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  1. #1
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    EOS 5D or D300 for small parts shooting

    Hi Guys

    First post here so apologies for being cheeky and jumping right in with a question.

    I want to set up a permanent small studio to shoot lots of small parts (screws, nuts & bolts etc) for a catalogue production and have been looking at either a nikon D300 or a canon EOS 5D any thoughts on which would be best, I'm kind of confused with the full frame option on the canon (advantageous or not for close up work). I may also want to shoot slightly larger items such as toolboxes but that would be as big as it gets.

    I have been advised to get a macro lens but not sure about size etc.

    As you can tell I'm pretty new to digital photography so any help gratefully received :thumbsup:

  2. #2
    Senior Member Anbesol's Avatar
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    Re: EOS 5D or D300 for small parts shooting

    Scruffy - welcome to the forums! You have 2 great options here, I don't think you could go wrong either way. Though, I think you might be a little better off with the Canon EOS 5D. The full frame will give you a better lens resolution, as well as a larger viewfinder. An all around benefit, and a particularly great benefit shooting macros. And yes, for what you are shooting you definitely want a macro lens, heres a lens at a solid 65mm with 5x magnification - click. You could blow up a grain of rice to a 13x19 print!!! ;) You may also want to invest in a macro flash ring like this.

    Hope that helps.

  3. #3
    Captain of the Ship Photo-John's Avatar
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    Re: EOS 5D or D300 for small parts shooting

    I'm going to disagree with Anbesol about the full-frame. I am doubtful that most people really benefit from it. I committed to APS-C sensors a couple of years ago and haven't regretted it. I also do a fair amount of studio product photography, including some closeup work. And with closeups, you'll actually benefit from the crop. It gets you closer and you'll have more depth-of-field with the same angle-of-view. That means it's easier to keep the whole product sharp. And that's one of the hardest things to do with close-up work.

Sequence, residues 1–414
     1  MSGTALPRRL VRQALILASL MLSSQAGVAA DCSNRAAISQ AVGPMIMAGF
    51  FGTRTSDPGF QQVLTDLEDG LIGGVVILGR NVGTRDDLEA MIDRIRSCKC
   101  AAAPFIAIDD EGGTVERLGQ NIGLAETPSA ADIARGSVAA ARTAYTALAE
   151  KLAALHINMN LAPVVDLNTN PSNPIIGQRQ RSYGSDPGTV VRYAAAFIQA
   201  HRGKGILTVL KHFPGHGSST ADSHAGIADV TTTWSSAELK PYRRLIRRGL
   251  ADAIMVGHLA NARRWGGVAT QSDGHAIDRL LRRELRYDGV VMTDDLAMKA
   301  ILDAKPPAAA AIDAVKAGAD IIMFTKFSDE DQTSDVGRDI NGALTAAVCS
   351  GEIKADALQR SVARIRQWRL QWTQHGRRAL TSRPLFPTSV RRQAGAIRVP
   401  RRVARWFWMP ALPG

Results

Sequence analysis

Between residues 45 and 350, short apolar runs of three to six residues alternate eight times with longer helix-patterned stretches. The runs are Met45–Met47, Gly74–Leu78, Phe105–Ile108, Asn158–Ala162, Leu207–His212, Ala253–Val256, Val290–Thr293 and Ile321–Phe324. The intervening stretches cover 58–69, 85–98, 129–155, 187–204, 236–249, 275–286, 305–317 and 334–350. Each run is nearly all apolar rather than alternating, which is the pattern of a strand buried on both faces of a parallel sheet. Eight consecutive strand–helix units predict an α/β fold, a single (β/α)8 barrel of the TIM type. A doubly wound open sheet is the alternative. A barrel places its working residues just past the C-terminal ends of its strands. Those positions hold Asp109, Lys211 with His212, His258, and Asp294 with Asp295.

I would actually recommend a step down from either the 5D or the D300. For studio work, you don't need the speed or build quality of those cameras. I would recommend either a Nikon D60 or the Canon EOS XTi / 400D. With those two cameras you'll get excellent image quality and save money which you can put toward a macro lens and lighting. For the kind of work you want to do, lighting and the lens will be much more important than the camera.
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  4. #4
    Senior Member Anbesol's Avatar
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    Re: EOS 5D or D300 for small parts shooting

    "It gets you closer and you'll have more depth-of-field with the same angle-of-view. That means it's easier to keep the whole product sharp. And that's one of the hardest things to do with close-up work."

    Well, sort of, only by bringing it through the sweet spot of the lens, but this only differs by and between lens', not the bodies, if he got a solid EF macro lens I can't imagine that would be a problem. You could also crop the image from 5D and still get the same effect of the APS sensor.